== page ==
Many Tajikistan Hospitals Not Equipped to Care for Moms and Newborns, Assessment Shows

The IntraHealth International-led Tajikistan Health & Nutrition Activity (THNA) has achieved a major landmark in the country’s approach to improving the quality of its maternal health care. THNA’s in-depth assessments of 14 hospital maternity wards and six primary care centers mark the first significant assessment of hospitals in the country.

Tajikistan is the poorest country in central Asia, and health care for pregnant women, mothers, and newborns is inadequate. Using an assessment protocol established by the World Health Organization, THNA experts and specialists from Tajikistan's Scientific Research Institute of Obstetrics, Gynecology (SRIOG) worked to:

  • Identify the availability and level of basic health care services for women and newborns at the outpatient level, the support system for the outpatient facilities, quality-improvement processes regarding clinical conditions, and facilities’ guiding and organizational principles.
  • Identify key problems to be resolved in the provision of better medical care.
  • Initiate an evidence-based discussion with health facility staff on needed improvements.
  • Begin designing an action plan for improving the quality of services provided at each facility—a joint process including management and staff at the facilities, trainers from SRIOG, and THNA staff.

With field work in May and analysis in June, the team was challenged to reconcile significant discrepancies between the real and the reported situation. Official reports, it appears, are "optimized to meet the national requirements"—for example,  facilities reported that 100% of newborns received all four elements of essential care, in compliance with the national requirement, but interviews with clients and medical personnel during the assessment revealed that this is not the case.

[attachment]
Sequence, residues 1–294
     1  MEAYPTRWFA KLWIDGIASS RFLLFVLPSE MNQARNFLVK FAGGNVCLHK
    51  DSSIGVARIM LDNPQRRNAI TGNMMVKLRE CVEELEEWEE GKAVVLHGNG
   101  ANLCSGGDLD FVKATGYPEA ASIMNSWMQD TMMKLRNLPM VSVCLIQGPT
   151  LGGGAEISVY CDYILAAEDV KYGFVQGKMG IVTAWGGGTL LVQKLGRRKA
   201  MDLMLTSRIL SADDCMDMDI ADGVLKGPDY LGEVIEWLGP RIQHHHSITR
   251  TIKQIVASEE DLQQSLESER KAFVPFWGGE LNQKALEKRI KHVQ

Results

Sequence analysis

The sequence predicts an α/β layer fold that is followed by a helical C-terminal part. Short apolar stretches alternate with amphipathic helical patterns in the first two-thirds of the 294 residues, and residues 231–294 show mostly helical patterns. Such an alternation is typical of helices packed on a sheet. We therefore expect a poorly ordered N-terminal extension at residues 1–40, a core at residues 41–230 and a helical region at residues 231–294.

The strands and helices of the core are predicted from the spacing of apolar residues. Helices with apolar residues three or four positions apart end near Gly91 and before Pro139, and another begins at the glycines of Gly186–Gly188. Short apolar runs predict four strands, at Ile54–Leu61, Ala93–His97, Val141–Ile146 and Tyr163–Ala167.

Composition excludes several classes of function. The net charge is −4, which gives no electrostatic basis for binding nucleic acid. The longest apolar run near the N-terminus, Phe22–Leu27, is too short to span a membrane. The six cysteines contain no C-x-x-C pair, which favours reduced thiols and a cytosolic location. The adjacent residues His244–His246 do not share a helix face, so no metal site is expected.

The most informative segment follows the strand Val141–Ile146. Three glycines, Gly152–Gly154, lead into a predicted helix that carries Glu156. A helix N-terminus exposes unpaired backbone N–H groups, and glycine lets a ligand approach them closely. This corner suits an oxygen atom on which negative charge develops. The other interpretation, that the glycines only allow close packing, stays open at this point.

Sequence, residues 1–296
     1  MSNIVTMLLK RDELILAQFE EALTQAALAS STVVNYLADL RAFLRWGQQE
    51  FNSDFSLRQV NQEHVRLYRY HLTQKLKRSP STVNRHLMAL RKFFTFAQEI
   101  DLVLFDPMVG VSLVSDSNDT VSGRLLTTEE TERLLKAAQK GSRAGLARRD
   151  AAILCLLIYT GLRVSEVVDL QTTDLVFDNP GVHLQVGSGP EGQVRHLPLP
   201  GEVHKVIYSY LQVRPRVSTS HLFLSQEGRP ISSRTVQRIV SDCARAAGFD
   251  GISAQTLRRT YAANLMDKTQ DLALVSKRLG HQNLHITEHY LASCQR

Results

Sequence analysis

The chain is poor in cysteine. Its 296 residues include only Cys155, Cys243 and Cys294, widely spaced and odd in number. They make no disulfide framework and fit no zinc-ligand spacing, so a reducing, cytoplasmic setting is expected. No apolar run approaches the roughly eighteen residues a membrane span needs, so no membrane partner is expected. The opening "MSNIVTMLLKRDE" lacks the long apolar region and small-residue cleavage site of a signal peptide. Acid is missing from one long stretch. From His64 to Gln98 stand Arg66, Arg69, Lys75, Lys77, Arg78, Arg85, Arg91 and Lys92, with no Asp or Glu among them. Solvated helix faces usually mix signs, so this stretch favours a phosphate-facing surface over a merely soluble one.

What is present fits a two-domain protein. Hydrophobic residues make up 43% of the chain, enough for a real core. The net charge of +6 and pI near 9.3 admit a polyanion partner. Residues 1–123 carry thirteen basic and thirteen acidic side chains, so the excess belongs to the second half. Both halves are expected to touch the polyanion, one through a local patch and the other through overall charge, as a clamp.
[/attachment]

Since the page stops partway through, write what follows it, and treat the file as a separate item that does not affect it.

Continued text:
Working in teams of six, the assessors observed clinical procedures, interviewed staff and clients, audited records, and inventoried equipment for a complete picture of maternity care operations.

On aggregate, the findings are bleak. As a group, the maternity wards are chronically understaffed, underequipped, short on most medical supplies, and suffer from poor quality control and managerial oversight. In brief:

  • In most of the facilities there are problems with the water supply—either no running water or only intermittent service—and water reservoirs must be used.
  • At least partly as a result of the water problem, handwashing practices are not diligently followed, and infection rates are higher than they should be.
  • In almost all facilities, laundries and incinerators are either not available or malfunctioning. 
  • Management and disposal of hazardous waste is universally poor.
  • Equipment is old, in poor condition, or missing altogether.
  • There are chronic shortages of disposables.

That said, the health facility staff members are generally motivated to learn and eager to work with THNA to enhance their knowledge and skills.

THNA will use this assessment to identify the specific assistance required at each facility. This assessment is the starting point for long-term support and will form the baseline for facility progress over the coming four years.

By Jon Thiele. The Feed the Future Tajikistan Health and Nutrition Activity is funded by the US Agency for International Development.